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  • Writer's pictureKane Murdoch

Toothless tigers eating forbidden breakfast cereal.

Evening all,


Following on from Alix's problem statement from last week, tonight I'm going to consider why schools, faculty, academics, etc sometimes think central student conduct units are toothless tigers. Of course, considering that we are also unfeeling monsters, it's quite the bind we find ourselves in.


I can more easily see why central units are seen as unfeeling beasts than toothless tigers. Firstly, we are quite often lumped in with "administration", who are considered to be a particularly nasty species, foisting their "rules", and "processes" and "mostly sensible ways of working" onto academics, many of whom prefer their work to be guided by telekinetic vibes and the application of academic freedom (academic in training shown below).


However, to more seriously address the issue I can see there are elements here. First, there is a tension between the work that central unis conduct, which is more strongly bound by a basic imperative that students are provided with due process, and academic judgement. For example, if an academic reports something to the central unit, they usually provide an opinion about what happened, which they would consider authoritative. However, conduct units also consider what students tell them, as well as any other information which they might find in the course of an investigation. In other words, academics reporting conduct issues have a limited view of the entirety of a matter, and can get upset when the result doesn't accord with their views.

Toys then erupt out of prams. Of course, explaining the outcome to the academic and closing that loop, avoiding "negative backwash", can help reduce problems. Not always, but feedback to academics whether the cases is proven or not is important.


Another upset generator in the conduct process, and one that contributes directly to the "toothless tiger" impression is the outcomes of conduct matters. For some people anything less than severe punishment is a slap on the wrist. Now, I take issue with this. If we weigh up pros and cons for harsh penalties vs proportional ones, here's where I reckon we land:

Pros of harshness

  • We get to believe that "this'll scare em and they'll never do it again", a famously effective tactic.

  • we satisfy the urge to punish students.

  • underpants

  • profit?

Cons of harshness

  • Additional workload for investigators and decision makers- if a student knows that any penalty they are likely to receive will be harsh and disproportional, they will be more likely to dig in, to dissemble, and throw obstacles in your way. I mean, why wouldn't they? I've seen it played out hundreds of times.

  • More demand on other university resources- when students are facing extreme outcomes, they are more likely to respond in a highly emotional way, and this may mean great need for advocacy, wellbeing or legal resources.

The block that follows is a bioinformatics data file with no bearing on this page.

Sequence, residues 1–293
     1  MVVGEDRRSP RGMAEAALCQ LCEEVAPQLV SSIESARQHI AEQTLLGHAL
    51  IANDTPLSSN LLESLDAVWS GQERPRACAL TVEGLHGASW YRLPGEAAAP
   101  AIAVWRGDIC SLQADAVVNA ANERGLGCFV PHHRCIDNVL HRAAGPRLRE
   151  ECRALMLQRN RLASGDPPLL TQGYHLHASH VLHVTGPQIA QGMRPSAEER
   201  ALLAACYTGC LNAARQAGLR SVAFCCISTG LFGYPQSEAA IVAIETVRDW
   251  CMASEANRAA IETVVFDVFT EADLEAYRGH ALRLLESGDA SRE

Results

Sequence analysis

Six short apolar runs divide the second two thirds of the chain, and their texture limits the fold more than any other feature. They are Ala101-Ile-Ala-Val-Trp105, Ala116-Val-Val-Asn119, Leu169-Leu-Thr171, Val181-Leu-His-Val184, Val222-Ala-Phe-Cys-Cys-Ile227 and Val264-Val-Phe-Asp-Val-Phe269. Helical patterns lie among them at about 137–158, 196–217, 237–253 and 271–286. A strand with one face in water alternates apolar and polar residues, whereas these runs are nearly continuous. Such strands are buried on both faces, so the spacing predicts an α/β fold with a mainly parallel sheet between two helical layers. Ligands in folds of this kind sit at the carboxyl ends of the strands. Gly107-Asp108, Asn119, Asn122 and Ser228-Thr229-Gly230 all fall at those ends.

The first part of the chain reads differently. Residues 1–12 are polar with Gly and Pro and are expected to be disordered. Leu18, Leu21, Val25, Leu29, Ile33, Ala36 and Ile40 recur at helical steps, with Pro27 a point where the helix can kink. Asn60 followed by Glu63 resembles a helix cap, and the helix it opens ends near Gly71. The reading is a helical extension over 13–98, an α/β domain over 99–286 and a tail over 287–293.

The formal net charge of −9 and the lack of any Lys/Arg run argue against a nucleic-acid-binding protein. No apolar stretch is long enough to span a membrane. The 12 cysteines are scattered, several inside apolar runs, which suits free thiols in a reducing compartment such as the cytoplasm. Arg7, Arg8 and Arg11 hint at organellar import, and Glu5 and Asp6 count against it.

• A reduced understanding of what is happening, and why- when students are honest with us, we gain insight from what they tell us, helping us to shape our approach to future incidents of misconduct.

Essentially, there's a certain quid pro quo in issuing appropriate penalty outcomes, and it's one that I happily accept. The key immovable for me is that learning outcomes are either achieved, or they are not. If a student talked to their mates and got answers on a 3% quiz , and they lose that 3%, fine. But when an academic complains bitterly that we should have given the student zero for the whole subject, wtf? Come on man. That's not standards, that's bloodlust. I'm happy to point to failure to meet learning outcomes to justify my position.

It's also timely to remember that we are affected by other parts of the university. Even our core documents, policy and procedure, are heavily influenced by the governing bodies of the university, and the general level of maturity, or immaturity, of the university in relation to student conduct. The more immature an organisation, the more they distrust their staff to do the job they're paid to do. This is obviously wasteful and dumb, but there you go. Sometimes decisions are made in the face of advice that the central unit gives, and we all have to suck that up. Better yet, convince others that we are the best placed people to making good decisions in this space rather than well-meaning amateur sleuths. I mean, look how well the amateurs have done amidst the ongoing waves of cheating we're seeing.


As with any topic, I could go on. And I will, but not today. Too many cases you see!


KM






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